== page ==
Years ago, I forgot my baby’s diaper bag on a park bench in Jerusalem. By the time I remembered it and rushed back to the park, there was a policeman clearing the area and shouting over and over again: “Shel mi hatik hazeh? Af echad?” (“To whom does this bag belong? No one?”) I ran up to him, humiliated by my carelessness to the point that I almost didn’t want the diaper bag back. But I also didn’t want the police to have to blow up the bottles and sippy cups and Bamba within the suspicious bag.

“Sheli” (“It’s mine”), I almost whispered. The policeman looked like he wanted to throw the bag at me.

I was two blocks away from the Sbarro’s pizza shop when the bombing took place in 2001

“What’s wrong with you? Americanim—you don’t think.” I rushed away from the scene, the diaper bag slung over my shoulder, and my face burning with shame. I hadn’t meant to forget the bag. Sometimes people make mistakes. Why did the policeman have to insult me? It seemed a little extreme to me at the time. Couldn’t he tell that the diaper bag with the Thomas the Train cup sticking out of the side wasn’t a bomb? Soon after that, the intifada began, and I began to understand.

I was two blocks away from the Sbarro’s pizza shop when the bombing took place in 2001, murdering 15 people and seriously injuring 130. I heard the explosion. To this day, I am grateful that I did not hear the screams that were muffled by the immediate sirens echoing through Jerusalem. The terror attack almost paralyzed me with fear for months afterwards. The enemy can be standing in line with me for pizza, I thought. He can be sitting next to me on a bus. Or standing beside me as I’m buying olives in the market.

Suddenly, it seemed like nowhere was safe.

At least I have a car, I thought—until a terrorist took a tractor and started bashing randomly into people’s cars. One morning I was driving up the highway to Jerusalem, and suddenly the car in front of me stopped short, and two guys in black suits with machine guns jumped out the back doors. They ran up to the car in the other lane, and literally jumped through the window to tackle what must have been a suspected terrorist, who was now lying face-down on the highway in front of my car. It seemed to me like everyone behind me and beside me was calm. I was petrified. What if the terrorist had a bomb on him? I was stuck, surrounded by cars. Should I get out of my car and run the other way? But before I could decide, the whole thing was over. The bomb squad had somehow, in a matter of seconds, jumped back into their vehicle with the suspect, and the morning rush hour proceeded as usual. But the fear became a constant companion for me, as I tried to figure out what it means to live “normally” under the constant threat of terror.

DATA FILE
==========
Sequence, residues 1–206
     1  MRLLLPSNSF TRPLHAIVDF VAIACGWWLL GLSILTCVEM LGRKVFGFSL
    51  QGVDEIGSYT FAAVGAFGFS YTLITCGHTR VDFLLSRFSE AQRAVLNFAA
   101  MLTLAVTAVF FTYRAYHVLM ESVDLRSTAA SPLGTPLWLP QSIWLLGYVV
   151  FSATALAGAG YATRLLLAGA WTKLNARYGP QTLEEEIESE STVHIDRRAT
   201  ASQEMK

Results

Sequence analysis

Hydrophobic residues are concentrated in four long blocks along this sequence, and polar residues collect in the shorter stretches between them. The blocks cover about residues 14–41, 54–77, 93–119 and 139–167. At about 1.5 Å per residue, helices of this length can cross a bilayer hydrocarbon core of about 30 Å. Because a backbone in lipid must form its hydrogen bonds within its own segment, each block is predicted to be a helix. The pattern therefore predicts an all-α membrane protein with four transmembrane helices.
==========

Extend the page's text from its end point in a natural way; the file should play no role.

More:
Fear became a constant companion for me, as I tried to figure out what it means to live “normally” under the constant threat of terror

I asked G‑d to show me what to do with all of this fear. I asked Him to help me live “normally” with it. And I realized that fear can be used for growth. Here are three fears that help us instead of stopping us in our tracks:

1. Fear of meaninglessness

I am afraid that I will wake up one day and have no idea what I accomplished with my life. I’m afraid that I’m using only a fraction of my potential. I’m afraid of wasting time. I’m afraid of a life without purpose. This fear helps me to value my time, and to focus on my life’s goals.

2. Fear of Dying

I’m afraid that I will run out of time. I’m afraid because I don’t know how or when my time will run out. This fear may seem debilitating, but it actually enhances life. It reminds me not to get stuck in the irrelevant, little things that seem so important. There is a time limit, and I don’t know what it is. So, I’m not going to fight or dwell or feel resentful about petty things. It’s not worth it.

3. Fear of G‑d

One of the main obligations in Judaism is to fear G‑d. I never really understood what that meant, until I learned the camera metaphor. Imagine that there is a hidden camera following you everywhere, recording everything you do and say. You will speak differently. You will act differently. This is what it means to be aware of G‑d and to fear him. I know He is watching me. I know He expects more of me. This fear can help me to achieve greatness, as I think of the hidden recordings in my life. Once the image is there, it cannot be deleted.

I did eventually go back to “regular” routine, the way all Israelis miraculously do. I brought my kids to school. I worked. I did the grocery shopping. But the strength of the fear itself was never far below the surface.

We need to know what to cry for. We need to know how to cry for each other

We are living in America now, and now I am afraid for Israel from afar. I pray for the safety of all there, and for the immediate recovery of those who have been injured. Not long ago I was in a Torah class, and the teacher began to speak about what we can learn from tragedy. But after a few seconds, she just broke down crying, and we all cried with her. And I learned then, as I try to remind myself now: We need to know what to cry for. We need to know how to cry for each other. And we need to know what to fear, and how to turn our fears into paths to greatness.